Consuming and riots

In light of Stephen’s recent post and the Politics of Consumption conference (which I missed), I’ve been thinking about the recent riots in the UK.

The most striking images from those riots all feature consumption in someway.  The riots involved consumption practices and retail environments.  From what I’ve gleaned from my initial googling, there’s a lot of commentary blaming consumerism for the riots but I’ve not seen much on why the consumption relationship was the one used by rioters in this instance.  Put otherwise, why was this a good media for their message.  Not so much what were the causes of the riots but how did the methods work.

It seems a little naive to me to say something like ‘they were sick of being left out of our consumer society so they took what they wanted’.  Instead, I started to think about this in terms of a concept Stephen and I have crafted – commodity narcissism.  By this we argue that the consumption relationship is a highly efficient way for us to let out our aggressive instincts on the world around us.  It is, in this sense, not so much about maximizing utility, creating an identity or expressing some symbolic meaning than getting our kicks.  Stephen and I argue that this is why we see many consumers who claim to be ethically-concerned not acting on those concerns.  The knowledge about the results of their actions is self-defeating.  Even if we don’t want to admit it, it is pleasing to us to know we are fucking someone, somewhere – because it’s not about the harm we are inflicting on them but about knowing that we have the power to do harm them.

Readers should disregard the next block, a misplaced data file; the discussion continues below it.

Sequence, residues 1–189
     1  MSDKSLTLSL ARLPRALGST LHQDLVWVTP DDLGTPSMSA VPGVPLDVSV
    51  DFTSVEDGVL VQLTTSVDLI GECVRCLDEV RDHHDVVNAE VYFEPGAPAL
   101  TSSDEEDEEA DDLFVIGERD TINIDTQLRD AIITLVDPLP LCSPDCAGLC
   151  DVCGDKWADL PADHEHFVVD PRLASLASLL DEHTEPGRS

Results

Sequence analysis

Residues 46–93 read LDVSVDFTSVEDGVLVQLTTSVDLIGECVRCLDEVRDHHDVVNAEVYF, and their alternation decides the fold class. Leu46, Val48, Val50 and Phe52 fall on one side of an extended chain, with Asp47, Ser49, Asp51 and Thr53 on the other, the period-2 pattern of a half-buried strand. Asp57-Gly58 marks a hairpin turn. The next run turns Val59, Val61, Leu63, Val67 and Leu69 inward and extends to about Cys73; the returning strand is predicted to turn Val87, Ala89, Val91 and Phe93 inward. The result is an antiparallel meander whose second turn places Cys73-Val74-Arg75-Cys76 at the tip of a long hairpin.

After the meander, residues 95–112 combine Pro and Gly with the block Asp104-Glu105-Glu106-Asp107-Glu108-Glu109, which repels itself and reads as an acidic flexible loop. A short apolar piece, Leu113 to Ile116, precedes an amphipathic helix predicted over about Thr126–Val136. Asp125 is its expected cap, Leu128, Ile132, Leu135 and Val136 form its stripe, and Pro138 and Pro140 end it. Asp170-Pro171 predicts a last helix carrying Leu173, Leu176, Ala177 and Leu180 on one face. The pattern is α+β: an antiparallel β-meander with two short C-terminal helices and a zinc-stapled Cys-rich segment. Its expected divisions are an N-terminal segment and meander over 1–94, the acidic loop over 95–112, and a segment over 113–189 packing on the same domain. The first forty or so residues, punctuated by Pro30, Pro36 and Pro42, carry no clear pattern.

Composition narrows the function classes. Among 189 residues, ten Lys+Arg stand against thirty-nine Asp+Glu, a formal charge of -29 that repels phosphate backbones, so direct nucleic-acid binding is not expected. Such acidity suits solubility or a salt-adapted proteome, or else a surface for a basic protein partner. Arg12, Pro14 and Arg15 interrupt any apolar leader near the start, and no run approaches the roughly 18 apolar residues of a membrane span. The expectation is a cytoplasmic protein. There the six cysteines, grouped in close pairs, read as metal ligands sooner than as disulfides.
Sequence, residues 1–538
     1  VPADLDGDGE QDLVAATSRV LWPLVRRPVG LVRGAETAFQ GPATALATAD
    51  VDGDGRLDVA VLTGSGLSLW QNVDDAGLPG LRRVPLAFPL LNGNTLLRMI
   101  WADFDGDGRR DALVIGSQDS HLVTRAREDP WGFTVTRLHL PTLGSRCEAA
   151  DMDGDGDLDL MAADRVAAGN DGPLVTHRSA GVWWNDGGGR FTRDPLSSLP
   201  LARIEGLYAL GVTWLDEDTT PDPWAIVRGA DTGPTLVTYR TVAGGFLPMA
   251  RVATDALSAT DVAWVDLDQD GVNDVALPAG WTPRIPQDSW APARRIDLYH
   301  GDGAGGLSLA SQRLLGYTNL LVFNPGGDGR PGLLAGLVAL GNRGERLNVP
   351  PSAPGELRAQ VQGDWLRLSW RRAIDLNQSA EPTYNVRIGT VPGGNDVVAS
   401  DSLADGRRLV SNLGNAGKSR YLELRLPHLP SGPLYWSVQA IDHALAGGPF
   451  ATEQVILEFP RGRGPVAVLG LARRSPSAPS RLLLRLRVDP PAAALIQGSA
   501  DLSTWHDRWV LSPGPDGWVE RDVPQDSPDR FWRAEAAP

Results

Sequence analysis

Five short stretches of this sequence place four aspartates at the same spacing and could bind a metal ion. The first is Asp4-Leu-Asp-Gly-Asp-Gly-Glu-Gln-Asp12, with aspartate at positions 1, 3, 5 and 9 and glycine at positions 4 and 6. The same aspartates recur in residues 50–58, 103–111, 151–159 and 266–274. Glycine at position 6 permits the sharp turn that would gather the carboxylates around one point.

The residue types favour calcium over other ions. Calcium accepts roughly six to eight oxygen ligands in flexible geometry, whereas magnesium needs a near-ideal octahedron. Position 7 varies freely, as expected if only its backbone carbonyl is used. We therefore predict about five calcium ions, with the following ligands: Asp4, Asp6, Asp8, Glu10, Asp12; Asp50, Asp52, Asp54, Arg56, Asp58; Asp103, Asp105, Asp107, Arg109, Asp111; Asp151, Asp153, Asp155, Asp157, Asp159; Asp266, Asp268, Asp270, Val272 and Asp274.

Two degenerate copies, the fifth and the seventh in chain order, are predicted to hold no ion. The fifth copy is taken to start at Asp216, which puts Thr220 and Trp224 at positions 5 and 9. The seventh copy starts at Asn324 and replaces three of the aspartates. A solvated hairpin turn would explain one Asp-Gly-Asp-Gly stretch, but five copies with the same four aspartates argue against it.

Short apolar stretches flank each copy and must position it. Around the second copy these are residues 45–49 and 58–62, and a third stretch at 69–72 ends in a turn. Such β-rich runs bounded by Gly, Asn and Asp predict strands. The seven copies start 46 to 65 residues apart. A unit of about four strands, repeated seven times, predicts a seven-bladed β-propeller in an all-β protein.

This, I think, might start to help us explain some of the actual actions undertaken in the riots – stealing rice, burning a furniture shop: it’s not the act itself but the need to know/demonstrate ability to perform it that we need to think about.  Conversely, this all got me thinking about why we’re so quick to blame “consumption” in this case – especially given the concerns Stephen raises about the concept in the first place.  I’d like to think about this more if no one else is.  ESRC are you reading this… email me.

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